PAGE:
It’s not a secret that in the past few years, social media has begun to have a greater influence on Millennials and Gen Z than TV networks or movie stars. Most of us pay attention to “famous” YouTubers and TikTokers way more than the latest Hollywood drama. It’s why so many A-list celebrities have made a TikTok account. Additionally, there are so many different facets of content creation you can go into. There are platforms for comedic skits, minority communities, ASMR, medical conditions and (of course) the beloved story-time videos. You’ll probably start out slow, but once you get your follower count up you can be sponsored, paid for ads and maybe even secure a bigger role for yourself, such as a movie role or journalist position. Being a creator is hard work — I’m not going to lie about that — but if you’re passionate and determined to succeed, the possibilities are endless.
4. Restaurant-Related Jobs
This one is a hit or miss. Some people with ADHD hate the restaurant industry but others thrive. Like teaching, if you’re working in a busy restaurant, you’re almost forced to focus. There’s so much going on that ADHD-ers who love multitasking can find great success. Even at a “simple” job like drive-thrus, you’re taking orders, revising orders, taking payments and listening to management. That’s a lot to balance, and while it can be a source of stress for some, others thoroughly enjoy it.
5. The Medical Field
While the hard part would be getting through schooling, this field is filled with success for people with ADHD. Which I know can sound surprising to some. But picture being a nurse. You’re moving all day, working with multiple different cases at a time and have very little downtime. Plus, your job is a matter of life and death. Your mind is constantly on high alert, and while that can be stressful for some, it can also be extremely helpful for others because it gives our minds less time to wander. If I was focused on making sure I have the right dose of medicine or ensuring my patients stay alive, I’d be a lot less likely to get distracted. It’s a job where your head always has to be “in the game,” which I’ve found can be extremely helpful when your mind tends to wander.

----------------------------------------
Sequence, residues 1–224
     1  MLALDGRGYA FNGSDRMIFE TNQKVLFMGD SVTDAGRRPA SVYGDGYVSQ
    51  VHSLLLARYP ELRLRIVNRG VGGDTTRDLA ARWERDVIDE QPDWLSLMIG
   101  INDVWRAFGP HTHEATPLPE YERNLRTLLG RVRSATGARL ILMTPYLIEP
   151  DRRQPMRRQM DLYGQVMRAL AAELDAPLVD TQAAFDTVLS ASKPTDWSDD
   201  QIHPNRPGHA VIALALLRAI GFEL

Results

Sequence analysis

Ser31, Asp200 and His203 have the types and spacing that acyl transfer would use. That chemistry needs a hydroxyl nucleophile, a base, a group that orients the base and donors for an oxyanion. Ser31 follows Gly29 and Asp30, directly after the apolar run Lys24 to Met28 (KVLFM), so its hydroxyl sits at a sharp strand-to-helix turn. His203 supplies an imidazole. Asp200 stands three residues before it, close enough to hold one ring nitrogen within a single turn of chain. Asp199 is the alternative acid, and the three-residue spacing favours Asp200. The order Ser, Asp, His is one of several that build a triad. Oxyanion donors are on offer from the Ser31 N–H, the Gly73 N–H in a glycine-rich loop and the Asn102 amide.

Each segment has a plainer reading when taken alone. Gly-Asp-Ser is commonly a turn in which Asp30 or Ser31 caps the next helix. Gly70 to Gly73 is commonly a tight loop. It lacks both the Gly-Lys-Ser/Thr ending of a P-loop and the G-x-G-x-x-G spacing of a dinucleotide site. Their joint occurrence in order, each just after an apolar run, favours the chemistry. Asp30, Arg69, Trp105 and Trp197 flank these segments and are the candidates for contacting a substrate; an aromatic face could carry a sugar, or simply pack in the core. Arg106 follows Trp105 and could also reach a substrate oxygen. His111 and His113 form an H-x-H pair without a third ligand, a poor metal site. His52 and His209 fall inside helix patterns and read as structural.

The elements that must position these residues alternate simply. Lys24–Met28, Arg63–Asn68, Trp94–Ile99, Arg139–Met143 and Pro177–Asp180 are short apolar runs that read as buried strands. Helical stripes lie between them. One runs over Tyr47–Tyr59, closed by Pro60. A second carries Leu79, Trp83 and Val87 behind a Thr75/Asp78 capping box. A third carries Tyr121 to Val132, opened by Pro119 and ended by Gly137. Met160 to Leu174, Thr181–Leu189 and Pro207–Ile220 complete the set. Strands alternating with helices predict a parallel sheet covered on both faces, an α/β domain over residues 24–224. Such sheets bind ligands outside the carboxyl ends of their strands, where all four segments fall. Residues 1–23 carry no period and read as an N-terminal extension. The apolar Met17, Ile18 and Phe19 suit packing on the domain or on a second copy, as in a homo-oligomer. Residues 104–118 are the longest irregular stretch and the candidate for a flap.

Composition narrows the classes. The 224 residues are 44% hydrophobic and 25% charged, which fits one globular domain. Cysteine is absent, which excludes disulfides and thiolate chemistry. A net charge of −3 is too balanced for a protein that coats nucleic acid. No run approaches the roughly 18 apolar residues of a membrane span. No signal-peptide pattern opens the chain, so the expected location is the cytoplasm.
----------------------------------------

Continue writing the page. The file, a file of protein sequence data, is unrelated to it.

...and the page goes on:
In my experience, the main qualities in an “ideal” job for people with ADHD are typically jobs that have you moving around a lot, whether it’s mentally or physically, require a lot of mindfulness and require the ability to shift your focus multiple times a day. Jobs that are “stressful” to a lot of people tend to be the jobs people with ADHD thrive in. And while organization can still be a problem, it’s easier to be organized when people tell you exactly where things go. For example, in my classroom, I have a place where everything goes and it doesn’t change throughout the year. In the medical field, everything is documented on charts that are mostly digital, so it’s hard to mess it up as long as you make sure you’re under the right patient when you’re documenting.
However, I know these jobs aren’t ideal for everyone with ADHD. There is no job that’s one size fits all, so what I may view as a great job isn’t going to appeal to someone who doesn’t have the passion or motivation to do it. The most important thing is that the job brings you dopamine and happiness. Dopamine keeps you motivated, and ADHD is a dopamine-deficient disorder, which is why we’re either extremely invested or couldn’t care less. So, ideally, just find something you care about and like focusing on. That’s probably the thing that will help you the most.